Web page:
Common Sense Needed for Western Extension of LRT | Unpublished

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Unpublished Opinions

PhilipBrown's picture
Nepean, Ontario
About the author

Note to readers: Phil Brown passed away in November 2015. Please see his bio and letters he wrote on municipal affairs. Phil was a friend and mentor to UO President James O'Grady. He will be missed.


As President of Jackson-Brown Associates, Phil Brown has delivered a wide range of planning and project management services to non-profit, public and community service agencies and institutions.seeking to develop or otherwise acquire new facilities. He has worked with community health and resource centres and other community and institutional clients as well as non-profit and co-operative housing sponsors and government agencies.

Over the course of a career in development dating back to 1983, Phil Brown has developed more than 35 projects valued at over $175 million, comprising over 800 residential units and 400,000 square feet of institutional space. Previously, he has worked as a municipal planner and planning consultant and as a radio broadcaster.

He is a Registered Professional Planner (RPP), and full member since 1979 of the Canadian Institute of Planners and the Ontario Professional Planners Institute. He is also a licensed Real Estate Sales Representative with Coldwell Banker and presently Chairs the City of Ottawa Committee of Adjustment. He has also served on several community service boards of directors.

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Common Sense Needed for Western Extension of LRT

April 10, 2013

It's time for some common sense to be applied to the westerly extension of the Transitway.

The City is obsessed with not routing the LRT down Carling Avenue and no argument is about to shake their conviction. They will continue to fix the analyses to ensure that Carling remains the most expensive option, without even trying the kind of value engineering on the Carling route that they have been doing on the Richmond Road options. Moreover, the City refuses to factor in public opinion and the benefits of adopting a route that has lots of popular support and few naysayers over a route that will have the adjacent communities manning the barricades.

With LRT, Carling could become the location of choice for intensification. Carling can handle the scale that is presently being contemplated in neighourhoods to the north where the roads simply are not suitable for such heights and densities. Light rail will bring the kind of intensification and redevelopment that Carling really needs and where it will be completely appropriate and compatible with the street. Besides, it is common knowledge that the best place for rail rapid transit is along high density corridors, not on the periphery of a low density neighbourhood at the edge of the urban area, and that is precisely the advantage that a Carling routing offers.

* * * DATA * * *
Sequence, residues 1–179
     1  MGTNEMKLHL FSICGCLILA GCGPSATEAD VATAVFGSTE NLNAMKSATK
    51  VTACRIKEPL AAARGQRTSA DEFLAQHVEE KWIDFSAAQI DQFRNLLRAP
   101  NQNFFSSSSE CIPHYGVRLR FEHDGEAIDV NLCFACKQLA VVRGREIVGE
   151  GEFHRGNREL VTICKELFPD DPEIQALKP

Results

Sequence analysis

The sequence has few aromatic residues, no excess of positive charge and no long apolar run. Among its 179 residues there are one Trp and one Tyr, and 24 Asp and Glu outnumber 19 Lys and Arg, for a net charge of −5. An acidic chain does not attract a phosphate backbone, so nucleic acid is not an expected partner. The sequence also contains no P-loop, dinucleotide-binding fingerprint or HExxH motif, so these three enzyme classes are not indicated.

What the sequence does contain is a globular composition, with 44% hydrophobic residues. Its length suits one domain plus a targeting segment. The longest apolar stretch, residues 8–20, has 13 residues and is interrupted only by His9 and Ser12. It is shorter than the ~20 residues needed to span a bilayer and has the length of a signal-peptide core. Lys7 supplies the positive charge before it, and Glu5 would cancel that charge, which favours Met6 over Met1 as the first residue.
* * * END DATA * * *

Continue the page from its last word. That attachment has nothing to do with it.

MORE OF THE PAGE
Moreover, Carling Avenue offers the additional benefit of having a number of service, commercial and business nodes strung out along its route. Part of the success of systems like the Toronto Subway is that they connect such nodes and encourage new businesses and services to locate at them. In this way, the Transit system can encourage employment growth across the urban area instead of concentrating it all downtown, and over time more and more suburban commuters will end up only commuting as far as Lincoln Fields, Carlingwood, or Westgate.

The problem is that the Planners can't get beyond viewing the westerly light rail extension as a way to speed suburban commuters downtown and are only paying lip service to serving people living along the route. They argue that Carling will be too slow because there will be too many stops and too many intersections. In fact, a light rail line along Carling wouldn’t need more stops than would a line along Byron, provided they were smartly located in conjunction with primary density and service nodes like the shopping centres and hospitals and had good supporting bus services. Of course, when it comes to serving Barrhaven, the City continues to insist on routing transit along two sides of a right angle triangle instead of taking the much more efficient hypotenuse route by negotiating a deal with VIA Rail to run LRT on the railway ROW.

But what the Transportation Planners in particular really don't seem to like is that an LRT line might actually mean some reduction in Carling Avenue's ability to move cars. They don’t want to diminish Carling as a relatively high speed and high capacity arterial road, even while they pay lip service to encouraging more people to take transit and leave the car at home. With light rail, they may have to lose a traffic lane and cross-streets would need controls timed to give priority to trains which is how this route can be used without having to resort to expensive grade-separation. This has been done successfully in many other cities, so why not in Ottawa?

But instead the City remains blind to the many benefits of LRT for communities along the route and would just as soon express the LRT past them (as is presently the case with the Parkway bus routing) even though conventional transportation wisdom would have high capacity high speed rail located centrally to the existing highest density areas – which in the case of west Ottawa means along Carling.

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